Escaping chores spoiled by COVID-19
Burt's Eye View
I’ve never gotten around to installing the baseboards in the living room. I meant to do that shortly after moving in — 20 years ago or so.
You tend to notice subtle details like that working from home.
“More like glaring,” my wife, Terry, said. “When are you going to put those baseboards in the living room and bedroom?”
The bedroom, too? I hadn’t noticed. I’m sure I would have in another week or two of social distancing that’s got bunches of us cooped up in our own little coops.
That’s the great thing about going to work — you’re never home long enough to notice that ceiling corner that needs patched, the crevice in the kitchen that never got painted and that the picture your spouse asked you to hang is still leaning against the wall.
Escaping chores on the home front — another good thing spoiled by COVID-19.
True, there are many wonderful advantages to working from home.
I don’t have to get out of bed until 30 seconds before clocking in. The morning commute down the hallway to my laptop is free of congestion.
“Leave the comforter on the bed,” Terry ordered. “Wrap yourself up in your robe.”
When working from home, showers are optional.
“They are not,” Terry said.
I never have to get out of my pajamas.
She pinched her nose. “At least change them once in a while.”
At home, there’s a cook on staff.
“Stop snapping your fingers.” She jabbed a finger toward the kitchen. “The refrigerator is a dozen steps away.”
And unlike my squeaky chair at work, my easy chair here at home reclines and the foot rest pops out.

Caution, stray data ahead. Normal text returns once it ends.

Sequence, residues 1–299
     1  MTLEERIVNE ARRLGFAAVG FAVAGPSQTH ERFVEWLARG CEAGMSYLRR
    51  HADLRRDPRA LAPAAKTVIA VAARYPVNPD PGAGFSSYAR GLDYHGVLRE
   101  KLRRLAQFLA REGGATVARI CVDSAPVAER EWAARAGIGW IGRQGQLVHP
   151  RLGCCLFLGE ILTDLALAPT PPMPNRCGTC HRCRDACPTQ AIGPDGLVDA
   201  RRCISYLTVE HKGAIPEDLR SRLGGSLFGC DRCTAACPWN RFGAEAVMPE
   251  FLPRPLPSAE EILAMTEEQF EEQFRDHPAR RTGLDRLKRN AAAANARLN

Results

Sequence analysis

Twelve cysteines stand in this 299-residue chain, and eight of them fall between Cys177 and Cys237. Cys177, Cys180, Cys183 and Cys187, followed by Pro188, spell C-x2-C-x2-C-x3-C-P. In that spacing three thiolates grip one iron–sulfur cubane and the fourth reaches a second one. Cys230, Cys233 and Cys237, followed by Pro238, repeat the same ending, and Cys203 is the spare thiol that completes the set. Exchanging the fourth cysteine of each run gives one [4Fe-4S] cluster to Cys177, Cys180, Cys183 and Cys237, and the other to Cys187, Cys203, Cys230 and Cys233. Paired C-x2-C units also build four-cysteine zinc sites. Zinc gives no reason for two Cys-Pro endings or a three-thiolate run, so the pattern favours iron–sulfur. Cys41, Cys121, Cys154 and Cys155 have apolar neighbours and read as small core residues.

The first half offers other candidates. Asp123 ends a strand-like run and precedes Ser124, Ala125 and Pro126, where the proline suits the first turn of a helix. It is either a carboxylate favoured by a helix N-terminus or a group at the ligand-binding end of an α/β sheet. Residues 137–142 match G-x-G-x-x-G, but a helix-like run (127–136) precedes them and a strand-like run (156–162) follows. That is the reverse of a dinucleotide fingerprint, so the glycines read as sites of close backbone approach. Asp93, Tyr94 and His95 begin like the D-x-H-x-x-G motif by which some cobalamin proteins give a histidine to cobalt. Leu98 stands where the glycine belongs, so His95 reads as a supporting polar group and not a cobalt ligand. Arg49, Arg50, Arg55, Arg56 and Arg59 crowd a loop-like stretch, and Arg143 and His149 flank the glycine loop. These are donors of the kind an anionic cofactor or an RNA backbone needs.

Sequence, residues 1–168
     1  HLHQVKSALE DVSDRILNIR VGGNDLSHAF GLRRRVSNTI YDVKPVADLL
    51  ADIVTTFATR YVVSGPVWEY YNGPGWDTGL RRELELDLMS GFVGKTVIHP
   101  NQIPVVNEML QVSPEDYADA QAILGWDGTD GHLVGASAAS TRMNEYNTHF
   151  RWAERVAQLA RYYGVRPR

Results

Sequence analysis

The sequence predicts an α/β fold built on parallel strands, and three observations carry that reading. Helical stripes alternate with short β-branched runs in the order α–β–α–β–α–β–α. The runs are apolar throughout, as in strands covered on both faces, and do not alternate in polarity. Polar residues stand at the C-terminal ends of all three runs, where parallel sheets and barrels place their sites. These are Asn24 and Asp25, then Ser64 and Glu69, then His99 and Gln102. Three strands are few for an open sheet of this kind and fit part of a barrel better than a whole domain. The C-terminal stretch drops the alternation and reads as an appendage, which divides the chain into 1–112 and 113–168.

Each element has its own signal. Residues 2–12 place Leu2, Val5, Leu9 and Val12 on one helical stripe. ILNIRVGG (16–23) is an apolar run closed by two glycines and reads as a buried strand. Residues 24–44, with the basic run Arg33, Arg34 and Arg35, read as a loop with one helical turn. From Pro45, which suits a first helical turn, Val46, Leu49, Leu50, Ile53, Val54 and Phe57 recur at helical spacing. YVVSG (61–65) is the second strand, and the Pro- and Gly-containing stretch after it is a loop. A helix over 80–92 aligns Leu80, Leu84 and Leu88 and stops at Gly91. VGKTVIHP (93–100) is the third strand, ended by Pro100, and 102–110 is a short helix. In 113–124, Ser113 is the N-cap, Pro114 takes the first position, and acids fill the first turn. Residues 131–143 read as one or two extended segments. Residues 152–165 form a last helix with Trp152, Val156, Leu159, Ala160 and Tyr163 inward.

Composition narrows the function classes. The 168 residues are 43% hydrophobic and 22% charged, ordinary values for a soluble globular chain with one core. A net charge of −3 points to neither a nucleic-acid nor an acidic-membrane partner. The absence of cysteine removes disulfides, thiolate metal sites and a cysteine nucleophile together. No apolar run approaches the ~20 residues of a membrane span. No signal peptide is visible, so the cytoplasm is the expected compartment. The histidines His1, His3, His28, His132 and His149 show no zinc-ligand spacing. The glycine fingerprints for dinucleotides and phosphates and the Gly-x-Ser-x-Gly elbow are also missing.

Terry shook her head. “Do you take this many naps at the office?”
“How odd,” I mused. “At work, my boss asked if I take this many naps at home. It’s like I’m still there.”
Despite all these enhancements to the work day, there are certain distractions at home. We have a cat.
She just graduated from kittenhood and was scheduled to visit the vet for a certain adjustment. The coronavirus outbreak put the kibosh on all unnecessary surgeries — spaying and neutering included.
Working from home, my ears aren’t assaulted by the constant clanging of dozens of office telephones. But I am stuck with the yowling of a love-crazed kitty.
I wish she’d get her attention off the toms outside and back on the mice who want to move inside our country home. And the squirrels who’d like to work from my attic. It’s hard to concentrate over the pitter-patter of little feet.
I do have a home office. It will be real nice. Once we tear out the old carpet. Paint the walls. Put in the new flooring. Move out of storage the desk I bought six years ago. Once that’s all done, it will be a fine place to work from home.
“I kept telling you that we needed to get that project done,” Terry said. “Now you’re just stuck in your thickly padded easy chair with a warm afghan across your lap and the TV remote at your side.”
Working from home — it’s a tough sacrifice.
I know! When this ban is lifted, I’ll stay here and send the cat to the office.
“You’re the one going back to the office, buster,” Terry said. “It’s too much work having you home.”
• Work from home with Cole at firstname.lastname@example.org, the Burton W. Cole page on Facebook or @BurtonWCole on Twitter.